„Francis Bacon, in his New Atlantis, could charge his elite scientists in Salomon’s House with practicing self-censorship to avoid publicizing dangerous knowledge. Here is how the Father of Salomon’s House describes their practice: “We have consultations, which of the inventions and experiences which we have discovered shall be published, and which not: and take all a oath of secrecy for the concealing of those which we think fit to keep secret: though some of those we do reveal sometime to the State, and some not.” Bacon, the first prophet of the new relation between science and society and of the “conquest of nature for the relief of man’s estate,” knew better than we that knowledge is dangerous, that publication is a public and politically relevant act, and that self-censorship on the part of scientists is necessary and desirable. The passage is also remarkable for its wonderful ambiguity regarding whether scientists or the State has ultimate authority over dangerous knowledge“

Forbidding Science: Some Beginning Reflections (2006)

Leon R. Kass photo
Leon R. Kass20
American academic 1939

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„As long as scientists are free to pursue the truth wherever it may lead, there will be a flow of new scientific knowledge to those who can apply it to practical problems.“

—  Vannevar Bush American electrical engineer and science administrator 1890 - 1974

As quoted by George H. W. Bush in remarks while presenting National Medals of Science and Technology http://bushlibrary.tamu.edu/research/papers/1990/90111300.html (13 November 1990). This might be a paraphrase of statements from his introduction to "Science The Endless Frontier" (1945), rather than a direct quote. (see below)

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„The question therefore now comes forward, To what other objects shall these surpluses be appropriated, and the whole surplus of impost, after the entire discharge of the public debt, and during those intervals when the purposes of war shall not call for them? Shall we suppress the impost and give that advantage to foreign over domestic manufactures? On a few articles of more general and necessary use the suppression in due season will doubtless be right, but the great mass of the articles on which impost is paid are foreign luxuries, purchased by those only who are rich enough to afford themselves the use of them.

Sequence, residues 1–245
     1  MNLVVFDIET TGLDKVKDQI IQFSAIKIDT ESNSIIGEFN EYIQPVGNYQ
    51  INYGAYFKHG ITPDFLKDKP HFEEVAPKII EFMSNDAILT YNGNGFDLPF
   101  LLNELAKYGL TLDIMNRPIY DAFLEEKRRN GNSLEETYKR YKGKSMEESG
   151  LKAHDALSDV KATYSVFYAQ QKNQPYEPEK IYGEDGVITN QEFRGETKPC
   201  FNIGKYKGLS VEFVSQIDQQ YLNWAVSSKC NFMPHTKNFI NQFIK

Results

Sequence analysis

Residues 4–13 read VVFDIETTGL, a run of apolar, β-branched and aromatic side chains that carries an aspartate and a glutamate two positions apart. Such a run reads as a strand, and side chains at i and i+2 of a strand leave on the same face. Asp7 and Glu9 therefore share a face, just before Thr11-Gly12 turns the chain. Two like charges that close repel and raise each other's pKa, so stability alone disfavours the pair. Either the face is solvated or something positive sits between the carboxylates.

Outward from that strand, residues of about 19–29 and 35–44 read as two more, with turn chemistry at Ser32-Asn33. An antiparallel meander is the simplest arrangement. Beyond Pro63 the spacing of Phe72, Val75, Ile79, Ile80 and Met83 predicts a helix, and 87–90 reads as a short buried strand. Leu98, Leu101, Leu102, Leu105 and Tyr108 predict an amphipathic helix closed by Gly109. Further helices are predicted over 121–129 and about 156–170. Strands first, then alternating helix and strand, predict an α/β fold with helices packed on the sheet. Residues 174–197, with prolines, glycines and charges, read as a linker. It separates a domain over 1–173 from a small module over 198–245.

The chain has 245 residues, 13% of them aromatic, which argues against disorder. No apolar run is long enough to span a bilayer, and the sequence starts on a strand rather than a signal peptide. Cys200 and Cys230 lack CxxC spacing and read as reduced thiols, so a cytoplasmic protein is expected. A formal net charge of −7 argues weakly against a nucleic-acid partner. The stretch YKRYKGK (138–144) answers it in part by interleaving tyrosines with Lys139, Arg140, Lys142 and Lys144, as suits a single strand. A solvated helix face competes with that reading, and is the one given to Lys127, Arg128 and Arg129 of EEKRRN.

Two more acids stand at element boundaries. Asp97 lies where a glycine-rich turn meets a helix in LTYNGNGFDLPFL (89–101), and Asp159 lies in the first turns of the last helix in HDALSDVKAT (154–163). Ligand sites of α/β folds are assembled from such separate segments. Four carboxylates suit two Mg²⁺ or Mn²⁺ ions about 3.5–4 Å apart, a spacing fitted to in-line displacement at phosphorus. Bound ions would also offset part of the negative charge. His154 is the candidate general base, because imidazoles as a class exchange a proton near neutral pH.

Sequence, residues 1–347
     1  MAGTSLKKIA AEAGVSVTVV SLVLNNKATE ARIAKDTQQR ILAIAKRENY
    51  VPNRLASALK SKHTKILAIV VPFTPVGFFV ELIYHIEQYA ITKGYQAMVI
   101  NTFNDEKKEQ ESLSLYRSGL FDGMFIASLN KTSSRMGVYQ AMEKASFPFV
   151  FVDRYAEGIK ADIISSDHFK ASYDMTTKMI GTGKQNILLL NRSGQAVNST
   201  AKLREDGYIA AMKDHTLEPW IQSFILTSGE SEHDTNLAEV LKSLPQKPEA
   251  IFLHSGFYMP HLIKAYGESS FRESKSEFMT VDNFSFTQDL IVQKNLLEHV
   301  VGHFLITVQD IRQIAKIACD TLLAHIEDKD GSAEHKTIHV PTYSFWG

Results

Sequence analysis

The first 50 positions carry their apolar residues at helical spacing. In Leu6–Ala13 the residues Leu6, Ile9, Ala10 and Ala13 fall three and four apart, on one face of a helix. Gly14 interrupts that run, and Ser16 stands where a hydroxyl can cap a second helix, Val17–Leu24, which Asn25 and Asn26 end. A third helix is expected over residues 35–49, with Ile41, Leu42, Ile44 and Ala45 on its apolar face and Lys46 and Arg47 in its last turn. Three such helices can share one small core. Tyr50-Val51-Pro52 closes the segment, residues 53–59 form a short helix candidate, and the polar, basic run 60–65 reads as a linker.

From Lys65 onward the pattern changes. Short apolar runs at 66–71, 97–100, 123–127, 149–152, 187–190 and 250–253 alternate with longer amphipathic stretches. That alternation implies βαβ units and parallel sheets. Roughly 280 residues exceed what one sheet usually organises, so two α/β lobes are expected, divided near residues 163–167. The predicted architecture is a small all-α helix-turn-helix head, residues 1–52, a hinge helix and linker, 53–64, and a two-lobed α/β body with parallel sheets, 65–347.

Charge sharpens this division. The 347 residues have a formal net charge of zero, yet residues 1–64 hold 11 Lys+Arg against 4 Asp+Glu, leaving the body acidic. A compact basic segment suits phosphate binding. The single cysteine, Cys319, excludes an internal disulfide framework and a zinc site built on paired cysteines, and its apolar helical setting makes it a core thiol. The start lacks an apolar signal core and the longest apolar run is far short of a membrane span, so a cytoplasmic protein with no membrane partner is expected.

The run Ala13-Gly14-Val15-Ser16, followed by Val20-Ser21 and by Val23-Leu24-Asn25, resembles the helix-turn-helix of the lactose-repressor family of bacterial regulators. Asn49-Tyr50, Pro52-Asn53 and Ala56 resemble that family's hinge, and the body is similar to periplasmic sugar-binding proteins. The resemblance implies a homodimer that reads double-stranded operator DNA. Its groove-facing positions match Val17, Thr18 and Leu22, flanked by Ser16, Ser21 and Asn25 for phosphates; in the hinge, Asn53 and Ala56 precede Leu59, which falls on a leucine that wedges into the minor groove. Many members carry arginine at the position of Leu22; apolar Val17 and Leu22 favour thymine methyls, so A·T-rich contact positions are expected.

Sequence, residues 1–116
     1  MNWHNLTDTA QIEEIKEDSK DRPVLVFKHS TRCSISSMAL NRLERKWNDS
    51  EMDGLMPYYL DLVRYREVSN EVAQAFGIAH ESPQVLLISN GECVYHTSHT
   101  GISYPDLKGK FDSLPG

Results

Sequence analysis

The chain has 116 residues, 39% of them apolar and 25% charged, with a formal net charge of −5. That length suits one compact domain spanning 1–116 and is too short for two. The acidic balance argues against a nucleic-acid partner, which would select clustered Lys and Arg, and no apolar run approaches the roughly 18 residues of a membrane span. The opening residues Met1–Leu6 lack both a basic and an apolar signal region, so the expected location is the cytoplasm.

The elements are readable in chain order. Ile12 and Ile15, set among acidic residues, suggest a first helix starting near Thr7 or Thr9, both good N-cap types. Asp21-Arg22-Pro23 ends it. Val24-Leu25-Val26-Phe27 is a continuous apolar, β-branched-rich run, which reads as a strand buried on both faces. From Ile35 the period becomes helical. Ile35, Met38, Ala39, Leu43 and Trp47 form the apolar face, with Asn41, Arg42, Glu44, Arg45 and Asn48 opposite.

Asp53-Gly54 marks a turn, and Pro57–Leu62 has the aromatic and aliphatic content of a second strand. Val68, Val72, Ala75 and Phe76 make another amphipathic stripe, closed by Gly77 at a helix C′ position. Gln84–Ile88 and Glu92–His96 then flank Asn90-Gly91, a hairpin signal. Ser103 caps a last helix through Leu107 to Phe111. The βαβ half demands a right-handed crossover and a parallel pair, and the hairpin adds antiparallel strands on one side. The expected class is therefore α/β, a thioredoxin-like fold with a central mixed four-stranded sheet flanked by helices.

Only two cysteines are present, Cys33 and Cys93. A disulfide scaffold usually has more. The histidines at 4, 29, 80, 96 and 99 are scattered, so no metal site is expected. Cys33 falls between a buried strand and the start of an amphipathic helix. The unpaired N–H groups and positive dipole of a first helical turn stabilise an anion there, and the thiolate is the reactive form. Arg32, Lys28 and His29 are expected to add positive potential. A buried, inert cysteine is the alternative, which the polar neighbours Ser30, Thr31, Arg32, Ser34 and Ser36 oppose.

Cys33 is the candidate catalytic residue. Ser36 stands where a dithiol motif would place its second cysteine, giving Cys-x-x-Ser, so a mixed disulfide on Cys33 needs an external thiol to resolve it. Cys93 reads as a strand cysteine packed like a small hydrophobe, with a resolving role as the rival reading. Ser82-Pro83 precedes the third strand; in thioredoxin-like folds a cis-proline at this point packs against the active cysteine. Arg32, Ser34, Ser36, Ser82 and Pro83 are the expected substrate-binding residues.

Their patriotism would certainly prefer its continuance and application to the great purposes of the public education, roads, rivers, canals, and such other objects of public improvement as it may be thought proper to add to the constitutional enumeration of Federal powers. By these operations new channels of communications will be opened between the States, the lines of separation will disappear, their interests will be identified, and their union cemented by new and indissoluble ties. Education is here placed among the articles of public care, not that it would be proposed to take its ordinary branches out of the hands of private enterprise, which manages so much better all the concerns to which it is equal, but a public institution can alone supply those sciences which though rarely called for are yet necessary to complete the circle, all the parts of which contribute to the improvement of the country and some of them to its preservation.“

—  Thomas Jefferson 3rd President of the United States of America 1743 - 1826

Thomas Jefferson's Sixth State of the Union Address (2 December 1806). Advising the origination of an annual fund to be spent through new constitutional powers (by new amendments) from projected surplus revenue.
1800s, Second Presidential Administration (1805-1809)

Charles A. Beard photo
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Karl Pearson photo
Peter Medawar photo
Mark Twain photo
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„A scientist has the additional responsibility that comes with being a specialist: explaining science to the public, advising of its usefulness and benefits, and warning of its dangers and disadvantages. This is the responsibility of any specialist.“

—  Larkin Kerwin Canadian physicist 1924 - 2004

in The Role of Canadian Science, edited by [Bernard Ostry, Janice Yalden, Visions of Canada: the Alan B. Plaunt memorial lectures, 1958-1992, McGill-Queen's Press, 2004, 0773526625, 492]

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„The first essential in determining how to deal with the great industrial combinations is knowledge of the facts—publicity. In the interest of the public, the Government should have the right to inspect and examine the workings of the great corporations engaged in interstate business. Publicity is the only sure remedy which we can now invoke.“

—  Theodore Roosevelt American politician, 26th president of the United States 1858 - 1919

1900s, First Annual Message to Congress (1901)
Contexto: The first essential in determining how to deal with the great industrial combinations is knowledge of the facts—publicity. In the interest of the public, the Government should have the right to inspect and examine the workings of the great corporations engaged in interstate business. Publicity is the only sure remedy which we can now invoke. What further remedies are needed in the way of governmental regulation, or taxation, can only be determined after publicity has been obtained, by process of law, and in the course of administration. The first requisite is knowledge, full and complete—knowledge which may be made public to the world. Artificial bodies, such as corporations and joint stock or other associations, depending upon any statutory law for their existence or privileges, should be subject to proper governmental supervision, and full and accurate information as to their operations should be made public regularly at reasonable intervals.

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